A Day Late and A Dollar Short

Market Meditations | July 29, 2022

Prior to the downfall of Terra, 3AC, Celsius, and Voyager, some crypto users felt relatively safe entrusting their crypto to a centralised third party. One of the companies that garnered a lot of trust was Voyager. It appeared to be a safe bet, considering it was traded on the Toronto Stock Exchange, and even offered FDIC Insurance on deposits, or so they claimed.

  • The Federal Deposit Insurance Corporation (FDIC) is an independent agency created by congress to maintain stability and public confidence in the nation’s financial system by insuring deposits and examining and supervising financial institutions for safety, soundness, and consumer protection. They protect and reimburse deposits up to the legal limit of $250,000.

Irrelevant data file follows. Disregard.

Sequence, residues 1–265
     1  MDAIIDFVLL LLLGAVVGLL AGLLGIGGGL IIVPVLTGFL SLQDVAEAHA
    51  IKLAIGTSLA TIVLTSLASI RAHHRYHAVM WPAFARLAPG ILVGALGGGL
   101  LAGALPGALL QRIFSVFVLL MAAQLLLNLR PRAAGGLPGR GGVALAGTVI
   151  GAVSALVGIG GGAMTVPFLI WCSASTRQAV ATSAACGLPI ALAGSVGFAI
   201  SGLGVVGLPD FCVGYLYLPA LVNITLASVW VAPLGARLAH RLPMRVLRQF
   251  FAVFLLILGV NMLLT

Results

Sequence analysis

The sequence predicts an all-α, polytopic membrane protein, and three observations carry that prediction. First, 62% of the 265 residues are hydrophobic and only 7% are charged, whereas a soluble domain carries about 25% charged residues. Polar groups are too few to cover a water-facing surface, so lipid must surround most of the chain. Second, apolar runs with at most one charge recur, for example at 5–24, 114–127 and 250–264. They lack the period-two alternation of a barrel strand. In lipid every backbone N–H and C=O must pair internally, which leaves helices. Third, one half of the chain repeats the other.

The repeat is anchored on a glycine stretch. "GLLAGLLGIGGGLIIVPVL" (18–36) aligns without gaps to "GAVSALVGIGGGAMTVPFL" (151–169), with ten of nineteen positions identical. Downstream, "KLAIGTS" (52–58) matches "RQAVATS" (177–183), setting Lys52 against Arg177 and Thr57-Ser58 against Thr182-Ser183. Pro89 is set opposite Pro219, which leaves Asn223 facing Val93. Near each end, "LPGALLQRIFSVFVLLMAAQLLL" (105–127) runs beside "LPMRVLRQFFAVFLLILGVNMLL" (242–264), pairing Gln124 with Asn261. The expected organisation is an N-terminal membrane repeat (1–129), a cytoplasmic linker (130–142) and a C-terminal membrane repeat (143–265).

• On July 28th the FDIC finally addressed Voyager’s claims about having this insurance for depositors by demanding that they “immediately remove” any statements or references suggesting the company is FDIC insured.
  • Voyager must also send a letter to the FDIC stating that they have removed the claims, and provide details on what actions they took to comply.
  • The FDIC told Voyager that if they believe their claims to be true, they must provide written confirmation within 2 business days from receipt of the letter, along with any supporting documents that lead them to believe such.

The insured status of Voyager appears to be a point of contention for the FDIC. For some users of the service, hope has been put on hold.